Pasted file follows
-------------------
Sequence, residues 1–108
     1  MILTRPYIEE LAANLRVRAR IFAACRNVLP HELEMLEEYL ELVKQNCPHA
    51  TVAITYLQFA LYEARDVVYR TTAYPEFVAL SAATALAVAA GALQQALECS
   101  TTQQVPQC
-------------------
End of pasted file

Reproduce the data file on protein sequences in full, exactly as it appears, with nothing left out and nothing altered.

Sequence, residues 1–108
     1  MILTRPYIEE LAANLRVRAR IFAACRNVLP HELEMLEEYL ELVKQNCPHA
    51  TVAITYLQFA LYEARDVVYR TTAYPEFVAL SAATALAVAA GALQQALECS
   101  TTQQVPQC